All of which begs the obvious question ‘What is all this money funding?’
Cliff Notes answer: These billions of dollars are funding the IRGC as the revolution’s primary military force. This is an important distinction, as it puts Iran’s conventional military forces in the collaborative if not supporting role in key functional and geographic areas, e.g., strategic missiles forces, the Persian Gulf.
The IRGC’s leading role is underscored by the fact it—not Iran’s military—is entrusted with Iran’s strategic missile forces; not to mention a plethora of short-to-long-range surface-to-surface and surface-to-air rockets/missiles. So too this money funds the IRGC’s expansive Electronic Warfare and Cyber Defense Organization; a force malignant enough in its own right to warrant Treasury Department sanctions for ‘serious human rights abuses and censorship in Iran, and support to designated Iranian weapons proliferators.’
And of particular note this money funds the IRGC’s special creation: The Quds Force.
The Quds (‘Jerusalem’) Force is accurately if too-modestly described as the IRGC unit responsible for Iran’s extraterritorial operations. Its commander, 61 year-old Major General Qasem Soleimani, reports directly to and is accountable only to the Supreme Leader, Ali Khamenei. While its actual strength remains classified, force strength is open-source estimated at some 15,000 operational and direct-support personnel. The U.S. designated the Quds Force (QF) a supporter of terrorism in 2007.
Such busy fellows they are! The Small Wars Journal also describes their massive financial and materiel support to Hezbollah on a global basis (including South America; Venezuela notably), while QF operatives are known to be active in Iraq, Syria, the Persian Gulf states, Gaza/West Bank, Afghanistan, Yemen, and Central Asia. For operations still further abroad, the QF employs Unit 400 against targets in the Western Hemisphere.
As in for example, its 2011 plot to assassinate in Washington D.C., the Saudi Ambassador to the United States. Informed sources[i] report the ‘Arbabsiar Plot’ was directed by none other than Quds Force senior officer, Abdul Reza Shahlai. The very same officer alleged to have played “a central role in the Quds Force’s covert operations against and targeting of U.S. forces in Iraq since the 2003 invasion . . . in 2007 oversaw the kidnapping and assassination of five American service members from a U.S. base in Karbala, Iraq.”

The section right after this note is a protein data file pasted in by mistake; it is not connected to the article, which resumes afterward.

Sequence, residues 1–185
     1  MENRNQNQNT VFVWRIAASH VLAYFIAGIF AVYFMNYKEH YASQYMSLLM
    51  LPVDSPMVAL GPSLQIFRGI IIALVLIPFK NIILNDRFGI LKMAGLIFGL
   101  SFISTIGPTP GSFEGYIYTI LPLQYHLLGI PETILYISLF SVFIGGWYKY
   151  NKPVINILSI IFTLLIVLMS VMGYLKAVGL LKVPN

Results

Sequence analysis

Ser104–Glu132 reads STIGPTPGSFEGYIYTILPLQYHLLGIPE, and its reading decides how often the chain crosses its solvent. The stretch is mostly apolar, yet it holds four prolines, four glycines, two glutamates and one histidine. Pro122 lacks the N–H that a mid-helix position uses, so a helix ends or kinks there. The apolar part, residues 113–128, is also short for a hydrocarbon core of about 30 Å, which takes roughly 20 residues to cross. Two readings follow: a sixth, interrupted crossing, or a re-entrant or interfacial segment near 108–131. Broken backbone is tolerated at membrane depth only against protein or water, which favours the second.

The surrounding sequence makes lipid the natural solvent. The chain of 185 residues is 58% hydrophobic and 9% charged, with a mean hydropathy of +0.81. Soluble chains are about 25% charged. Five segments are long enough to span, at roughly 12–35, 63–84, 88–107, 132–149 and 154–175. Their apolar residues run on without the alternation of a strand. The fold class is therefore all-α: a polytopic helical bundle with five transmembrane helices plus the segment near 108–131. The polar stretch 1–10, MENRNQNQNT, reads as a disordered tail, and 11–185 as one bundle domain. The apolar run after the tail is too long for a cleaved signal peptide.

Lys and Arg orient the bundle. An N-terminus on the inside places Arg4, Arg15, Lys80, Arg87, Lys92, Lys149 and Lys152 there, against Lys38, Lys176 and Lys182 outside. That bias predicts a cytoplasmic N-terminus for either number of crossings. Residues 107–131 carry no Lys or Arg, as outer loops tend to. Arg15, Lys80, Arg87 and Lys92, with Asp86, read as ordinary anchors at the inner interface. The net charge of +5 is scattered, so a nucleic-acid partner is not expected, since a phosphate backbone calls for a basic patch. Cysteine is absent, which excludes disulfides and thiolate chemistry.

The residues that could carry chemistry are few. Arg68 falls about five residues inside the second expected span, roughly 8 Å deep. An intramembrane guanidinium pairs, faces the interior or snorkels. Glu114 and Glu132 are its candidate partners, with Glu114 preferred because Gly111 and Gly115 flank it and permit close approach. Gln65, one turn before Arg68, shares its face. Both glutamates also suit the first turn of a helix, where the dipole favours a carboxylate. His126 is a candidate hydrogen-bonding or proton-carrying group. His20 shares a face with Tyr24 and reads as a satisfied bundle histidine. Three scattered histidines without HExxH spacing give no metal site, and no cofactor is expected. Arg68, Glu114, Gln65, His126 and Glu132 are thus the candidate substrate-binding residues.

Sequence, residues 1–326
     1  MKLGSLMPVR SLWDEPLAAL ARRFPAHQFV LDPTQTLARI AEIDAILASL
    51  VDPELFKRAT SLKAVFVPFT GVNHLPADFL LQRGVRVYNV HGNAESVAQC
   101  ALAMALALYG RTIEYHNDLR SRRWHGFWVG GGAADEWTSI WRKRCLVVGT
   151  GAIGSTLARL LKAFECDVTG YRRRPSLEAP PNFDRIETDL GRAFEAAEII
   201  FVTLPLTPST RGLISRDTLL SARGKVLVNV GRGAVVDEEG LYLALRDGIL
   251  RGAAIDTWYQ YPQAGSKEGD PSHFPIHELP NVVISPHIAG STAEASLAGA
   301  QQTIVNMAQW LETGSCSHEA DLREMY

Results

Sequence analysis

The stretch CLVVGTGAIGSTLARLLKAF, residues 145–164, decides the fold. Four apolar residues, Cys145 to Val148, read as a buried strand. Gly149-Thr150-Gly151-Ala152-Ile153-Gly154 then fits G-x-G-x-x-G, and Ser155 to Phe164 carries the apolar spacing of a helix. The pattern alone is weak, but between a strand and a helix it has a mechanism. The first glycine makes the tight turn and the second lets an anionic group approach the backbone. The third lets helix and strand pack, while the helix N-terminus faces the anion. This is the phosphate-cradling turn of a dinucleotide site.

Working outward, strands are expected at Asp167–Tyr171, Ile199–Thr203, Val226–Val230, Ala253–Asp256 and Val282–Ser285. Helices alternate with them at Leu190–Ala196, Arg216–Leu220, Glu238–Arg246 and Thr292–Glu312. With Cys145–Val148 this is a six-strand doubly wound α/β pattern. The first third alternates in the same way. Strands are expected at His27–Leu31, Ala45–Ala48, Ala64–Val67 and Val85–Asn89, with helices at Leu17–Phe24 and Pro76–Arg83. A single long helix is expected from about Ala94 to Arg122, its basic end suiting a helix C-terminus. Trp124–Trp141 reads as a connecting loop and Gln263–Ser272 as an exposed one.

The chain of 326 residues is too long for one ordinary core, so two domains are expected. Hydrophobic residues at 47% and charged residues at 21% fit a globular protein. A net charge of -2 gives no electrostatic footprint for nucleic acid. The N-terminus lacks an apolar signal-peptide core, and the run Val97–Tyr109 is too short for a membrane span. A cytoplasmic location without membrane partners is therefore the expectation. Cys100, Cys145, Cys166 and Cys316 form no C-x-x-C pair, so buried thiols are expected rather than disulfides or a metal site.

By all accounts the Quds Force is considered a world-class special operations force, at least in terms of effectiveness and ruthlessness. Well-funded, trained, and equipped, it gets its pick of ideologically-motivated recruits. Which of course also describes the IRGC itself. Which in turn is a reflection of—the reflection of—the revolution publicly committed to the extermination of Israel, the ‘defeat and humiliation’ of ‘Great Satan’ America, and the sworn blood enemy of Sunni Islam since the passing of the Prophet Muhammed in 632 AD.
Oh yes . . . pause . . . deep breath. Plan A, anybody?
Helpful that Plan A has already begun, thanks to the U.S. Treasury Department’s little-heralded Office of Intelligence and Analysis. True Believers or not, the IRGC’s fondness for loot is difficult to hide in the dollar-dominant international monetary system. And the Trump Administration’s targeted sanctions against known Quds Force officials are sending the unmistakable message the easy salad days of U.S. ‘strategic patience’ are over.
Which still leaves in play, The Great Question: How will Iran’s revolutionary mullahs respond to the new U.S. resolve and the increasingly bitter bite of sanctions? They badly need an external enemy to blame for their mismanagement of the economy, and the ‘Great Satan’ America theme has long been imprinted on the Iranian public. To their great credit however the restive Persians appear to see through the mullah’s canard, thus leaving the ruling elite in a ‘double or nothing’ dilemma. Should it come to open conflict, the U.S. certainly has cards to play.
The most obvious of which (see: Part 2, Intelligence Profiles) is to maintain stand-off distance while pummeling both the IRGC’s tactical and strategic forces. As this author has personally witnessed the U.S. Intelligence community has truly impressive credentials when it comes to identifying the enemy’s physical and electronic Order of Battle.
Your author ceases as this point, having just violated the cardinal rule, ‘Never ask an Intelligence Officer for an Operational solution.’ Mea Culpa!
[i] Scott Modell and David Asher, “Pushback: Countering the Iran Action Network.” Center for a New American Security. 5 September 2013.
Author: Col. Haas lived in Iran for two years while flying as a commercial pilot providing support to the National Iranian Oil Company’s platforms in the Persian Gulf. He is a graduate of the Naval Postgraduate School’s National Security Affairs program, and published author of numerous books and magazine articles on political-military affairs. His Army-Air Force career includes tours in light-infantry and aircrew Special Operations, Psychological Operations, the Air Staff, and the Defense Intelligence Agency.